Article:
In 1939, The Partisan Review sent out a questionnaire to a number of prominent writers, asking them about literature, politics and their identities. While the questionnaire hasn’t been completely forgotten, we felt that these specifically political questions were rarely being asked of our writers. Considering that 2011 was a year of global unrest, we felt that it would be particularly relevant to update The Partisan Review’s questions. (For the curious, here are the original questions.)
2011 was the year of the Arab Spring. There have also been massive protests in Greece, Spain, Britain, and most recently, the United States. Does literature have a responsibility to respond to popular upheaval?
No. Literature and art are, for the most part, a poor vehicle for things like this. That is the business of essayists and reporters. It’s only later, when everything is over, that artists really begin to have a role, interpreting what happened, giving a framework for people to understand the events and how they may have shaped society. Art is where most of our myths are formed and recorded; we look to art for guidance about the way we are supposed to think and feel about things. But, speaking generally, this is only after the events in question have already taken place.
Do you think of yourself as writing for a definite audience? If so, how would you describe this audience? Would you say that the audience for serious American writing has grown or contracted in the last ten years?
Of course. But the first audience member I need to interest and satisfy is myself. Philipp Meyer the writer is writing for Philipp Meyer the reader. I am not writing to hear myself talk, I’m writing books that I always wanted to read, but no one else was interested in or capable of writing them. The people who like my work probably share my aesthetic and narrative tastes, at least on some level. Or maybe I share theirs—however you want to think about it. As far as the audience contracting in the past decade, I’m a little skeptical. I think that internet boosters make a big noise about how the internet has changed our lives and reading habits completely, that it is making a new species out of us. But they forget that before the internet, books survived first movies and then television. In the thirties, a lot of modernist writers were worrying that the “talkies” (i.e., movies with sound) would be the end of the novel. And well, eighty years later, here we still are. Reading novels. And one thing that’s easy to forget is that literary readers have always made up a minority of the reading audience. Even Hemingway and Fitzgerald, whom we think of as having worked in some golden age of literature, were usually outsold by the mass market or commercial writers.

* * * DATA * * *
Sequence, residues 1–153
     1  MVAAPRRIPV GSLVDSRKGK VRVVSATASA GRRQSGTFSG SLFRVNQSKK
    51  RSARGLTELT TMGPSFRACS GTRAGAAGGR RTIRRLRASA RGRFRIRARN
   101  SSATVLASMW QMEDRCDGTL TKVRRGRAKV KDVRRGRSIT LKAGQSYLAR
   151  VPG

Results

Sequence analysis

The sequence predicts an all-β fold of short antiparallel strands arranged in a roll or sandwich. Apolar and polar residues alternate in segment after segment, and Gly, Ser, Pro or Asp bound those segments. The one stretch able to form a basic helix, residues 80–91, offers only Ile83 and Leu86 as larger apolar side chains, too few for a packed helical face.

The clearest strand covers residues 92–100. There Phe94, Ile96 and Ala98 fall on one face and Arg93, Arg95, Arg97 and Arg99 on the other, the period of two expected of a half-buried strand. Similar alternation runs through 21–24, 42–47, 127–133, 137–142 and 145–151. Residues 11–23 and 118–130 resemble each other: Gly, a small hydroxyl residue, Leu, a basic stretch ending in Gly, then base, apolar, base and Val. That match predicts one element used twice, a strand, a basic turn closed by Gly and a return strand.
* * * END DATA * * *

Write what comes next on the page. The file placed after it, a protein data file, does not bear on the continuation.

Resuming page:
Do you place much value on the criticism your work has received? For the past decade we’ve seen a series of cuts to predominant literary magazines and literary supplements, and in response, criticism has moved online. Do you think this move to the non-professional realm has made literary criticism more or less of an isolated cult?
While I’m personally grateful whenever someone says something nice about my work, I don’t place much value on it. You can’t. I make art for my own reasons, according to my own standards, and again, while I am enormously grateful that people like my work, it wouldn’t change anything if they didn’t. You don’t choose to be an artist. It’s something you just are. The only question is how much you are willing to sacrifice to make art. In my case, the answer is nearly everything and I have found this is a very common trait in writers who have made it. As far as criticism moving online, there are some brilliant sites that I visit, and some brilliant folks doing criticism online. It’s impossible to overstate how happy it makes me when I read something profound, something a critic has written that helps me understand literature and art in a new way. It doesn’t matter to me whether it’s written in a blog or in the NYRB. But I think we can all admit that about 99% of what you read online, whether it’s someone’s comments about literature or politics or sports, is complete bullshit. Places like the NYRB are a lot more reliably interesting and intelligent than some blog picked at random. I’m dubious about the “democratizing” power of the Internet — the signal to noise ratio is way too high. It’s like a million people in a crowd all shouting at once. There MUST be some smart people in there, but it’s hard to hear what they are saying. In the end, I don’t think the Internet works much differently than any other form of media. The folks who are strong and interesting thinkers will attract an audience. None of us have the time to read a million blogs or sections from a million unpublished novels, despite the fact that it’s now technically possible. In the end, there are always going to be cultural gatekeepers. The only thing that will change is who those gatekeepers are, and where we will go to find their opinions.
Have you found it possible to make a living by writing the sort of thing you want to, without other work? Do you think there is a place in our current economic system and climate for literature as a profession?